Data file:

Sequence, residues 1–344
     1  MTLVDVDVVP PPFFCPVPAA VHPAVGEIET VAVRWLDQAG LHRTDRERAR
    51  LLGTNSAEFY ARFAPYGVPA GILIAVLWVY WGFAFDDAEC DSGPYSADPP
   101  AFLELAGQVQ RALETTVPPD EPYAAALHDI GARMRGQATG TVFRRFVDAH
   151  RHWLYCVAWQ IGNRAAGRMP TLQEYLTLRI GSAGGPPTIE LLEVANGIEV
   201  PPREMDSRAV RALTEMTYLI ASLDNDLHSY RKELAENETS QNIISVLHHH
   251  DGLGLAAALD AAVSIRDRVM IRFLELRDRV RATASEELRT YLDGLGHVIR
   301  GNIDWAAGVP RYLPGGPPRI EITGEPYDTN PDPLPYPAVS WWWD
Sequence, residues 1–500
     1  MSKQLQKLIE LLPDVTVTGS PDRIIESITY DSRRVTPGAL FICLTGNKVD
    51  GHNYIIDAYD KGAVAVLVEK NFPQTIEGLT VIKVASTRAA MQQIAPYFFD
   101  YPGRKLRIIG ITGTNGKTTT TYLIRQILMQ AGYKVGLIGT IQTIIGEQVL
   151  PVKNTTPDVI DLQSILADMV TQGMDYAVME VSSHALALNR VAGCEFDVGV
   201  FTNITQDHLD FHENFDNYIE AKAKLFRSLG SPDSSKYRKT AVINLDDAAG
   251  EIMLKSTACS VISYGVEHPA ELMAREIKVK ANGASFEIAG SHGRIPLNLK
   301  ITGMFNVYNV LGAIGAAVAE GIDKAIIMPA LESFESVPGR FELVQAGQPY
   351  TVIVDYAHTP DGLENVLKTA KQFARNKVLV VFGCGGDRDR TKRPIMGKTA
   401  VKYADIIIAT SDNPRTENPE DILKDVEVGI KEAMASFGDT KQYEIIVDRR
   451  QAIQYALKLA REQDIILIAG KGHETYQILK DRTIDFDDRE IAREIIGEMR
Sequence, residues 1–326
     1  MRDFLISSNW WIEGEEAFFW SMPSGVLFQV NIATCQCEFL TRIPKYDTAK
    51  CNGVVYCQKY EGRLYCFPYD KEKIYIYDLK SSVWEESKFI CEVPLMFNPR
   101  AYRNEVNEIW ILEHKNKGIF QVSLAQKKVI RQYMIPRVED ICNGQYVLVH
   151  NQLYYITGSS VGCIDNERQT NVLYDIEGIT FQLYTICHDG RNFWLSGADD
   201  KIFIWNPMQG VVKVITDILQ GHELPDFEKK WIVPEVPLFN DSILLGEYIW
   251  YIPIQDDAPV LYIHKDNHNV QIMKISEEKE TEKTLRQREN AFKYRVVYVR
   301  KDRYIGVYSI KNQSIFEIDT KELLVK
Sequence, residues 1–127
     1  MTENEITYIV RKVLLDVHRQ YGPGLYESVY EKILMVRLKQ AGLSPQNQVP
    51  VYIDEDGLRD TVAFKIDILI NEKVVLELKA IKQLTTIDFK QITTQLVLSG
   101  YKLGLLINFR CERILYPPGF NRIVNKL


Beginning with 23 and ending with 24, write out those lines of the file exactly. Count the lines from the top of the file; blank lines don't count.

   101  AYRNEVNEIW ILEHKNKGIF QVSLAQKKVI RQYMIPRVED ICNGQYVLVH
   151  NQLYYITGSS VGCIDNERQT NVLYDIEGIT FQLYTICHDG RNFWLSGADD